Evolution of an epic: Graney, cast discuss 'All Our Tragic'
"All Our Tragic" is a labor of love.
At least it is for adapter/director Sean Graney, whose ambitious adaptation of the 32 surviving Greek tragedies opened earlier this month at a Chicago storefront theater.
"All Our Tragic"Location: The Hypocrites at The Den Theater, 1329 N. Milwaukee Ave., Chicago, the-hypocrites.com
Showtimes: 11 a.m. to 11 p.m. Saturday and Sunday (full show); 8 p.m. Fridays (parts 1 to 4 on each successive Friday) through Oct. 5; also 8 p.m. Mondays Sept. 8 to 29 (parts 1 to 4 on each successive Monday)
Tickets: $75, including meals on Saturday and Sunday; $30 Monday and Friday
Graney, founding artistic director of The Hypocrites, knew what awaited him. In 2011, he adapted Sophocles' seven surviving tragedies under the title "These Seven Sicknesses." Encouraged by the response to that show, he decided to take on the entire canon. It took him three years.
During that time, he workshopped the show with The Hypocrites and at institutions like the University of Chicago, Lake Forest College and Illinois State University. He also spent last year at Harvard University's Radcliffe Institute for Advanced Study, where he completed a 1,250-page draft, which he subsequently trimmed to about 900 pages.
"My goal was to make an event that would be satisfying to an audience," he said. "If I got bogged down in my own cleverness, it wasn't helpful to the whole."
Initially, Graney conceived the production as a three-day event, a Lollapalooza for theater lovers and an homage of sorts to the ancient festivals. Realizing such an event would never get produced, he scaled back the script to the bare essentials of the ancient stories.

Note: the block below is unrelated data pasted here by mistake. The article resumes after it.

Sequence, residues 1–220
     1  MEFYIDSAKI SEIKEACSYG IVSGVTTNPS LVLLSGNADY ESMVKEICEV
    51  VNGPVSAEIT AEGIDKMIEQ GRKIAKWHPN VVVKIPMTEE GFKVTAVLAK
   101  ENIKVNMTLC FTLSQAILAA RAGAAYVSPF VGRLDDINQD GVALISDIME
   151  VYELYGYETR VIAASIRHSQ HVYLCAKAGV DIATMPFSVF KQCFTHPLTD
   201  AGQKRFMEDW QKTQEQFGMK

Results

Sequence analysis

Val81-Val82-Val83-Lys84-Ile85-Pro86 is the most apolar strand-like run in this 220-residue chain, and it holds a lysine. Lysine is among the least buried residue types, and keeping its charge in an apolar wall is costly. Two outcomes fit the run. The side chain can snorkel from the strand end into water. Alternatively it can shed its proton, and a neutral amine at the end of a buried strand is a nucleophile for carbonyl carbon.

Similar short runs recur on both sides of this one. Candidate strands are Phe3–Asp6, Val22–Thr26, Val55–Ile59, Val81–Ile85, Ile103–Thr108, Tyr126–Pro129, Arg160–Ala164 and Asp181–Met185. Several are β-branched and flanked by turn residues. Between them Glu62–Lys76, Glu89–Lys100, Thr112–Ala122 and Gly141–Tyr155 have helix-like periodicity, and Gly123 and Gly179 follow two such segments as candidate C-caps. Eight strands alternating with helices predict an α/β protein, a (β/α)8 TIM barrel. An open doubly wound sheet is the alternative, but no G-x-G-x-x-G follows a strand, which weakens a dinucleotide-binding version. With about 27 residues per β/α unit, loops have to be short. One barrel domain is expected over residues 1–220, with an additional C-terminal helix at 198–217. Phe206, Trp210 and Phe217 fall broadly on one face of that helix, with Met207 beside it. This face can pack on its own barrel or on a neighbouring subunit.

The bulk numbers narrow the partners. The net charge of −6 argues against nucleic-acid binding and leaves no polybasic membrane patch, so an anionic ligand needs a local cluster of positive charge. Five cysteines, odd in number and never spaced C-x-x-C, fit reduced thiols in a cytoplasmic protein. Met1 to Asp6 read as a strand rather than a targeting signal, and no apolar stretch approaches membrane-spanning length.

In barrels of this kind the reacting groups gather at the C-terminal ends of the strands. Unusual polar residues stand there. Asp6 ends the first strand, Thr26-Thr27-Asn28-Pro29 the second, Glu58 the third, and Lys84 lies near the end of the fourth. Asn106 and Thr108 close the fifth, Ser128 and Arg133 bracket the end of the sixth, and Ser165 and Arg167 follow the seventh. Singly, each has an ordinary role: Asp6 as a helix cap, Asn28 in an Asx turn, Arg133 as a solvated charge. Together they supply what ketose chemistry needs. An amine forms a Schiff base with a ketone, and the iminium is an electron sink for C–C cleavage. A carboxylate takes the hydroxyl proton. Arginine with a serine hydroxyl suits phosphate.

The result unfolds over 12 hours -- with breaks. Audiences can see it in a day or spread it out over four weeks.
"I love these stories and I love my relationship to audiences. I ask them to spend 12 hours listening to these plays and they do," he said, the delight evident in his voice.
Pushing past his insecurity and self-doubt, he persevered. And when he finished, he approached The Hypocrites, his artistic home, with an invitation to stage it.
"I'm so glad I got to do it with the company I started and have a relationships with," he said.
For The Hypocrites, "All Our Tragic" is also a labor of love. From the start, company members embraced the project, said artistic director Halena Kays, who took over the position when Graney stepped down two years ago,
"If it was anyone other than Sean, you'd say this is crazy. No one will want to come. And it doesn't make any financial sense at all," said Kays. "But when Sean has an idea -- and they're usually big ideas -- he's almost always right and I've learned to trust them."
Ensemble members and artistic associates needed no persuading. They knew combining the tragedies of Sophocles, Aeschylus and Euripides would make Chicago theater history. And they knew if they didn't participate, they'd regret it, Kays said.
"It's so different from anything I've ever done before," said Christopher James Bryant, a Libertyville native and 2014 Illinois State University graduate in his professional debut. Undaunted by the long rehearsals, rewrites and marathon performances, Bryant says the biggest challenge has been keeping up with Graney.
"To be able to do the work is a dream come true, especially right out of college," said Bryant, one of six Neo-Titans responsible for most of the show's extensive stage combat.
The camaraderie that resulted was truly amazing, Kays said.
"Artistically speaking," she said, "this was worth every risk we took."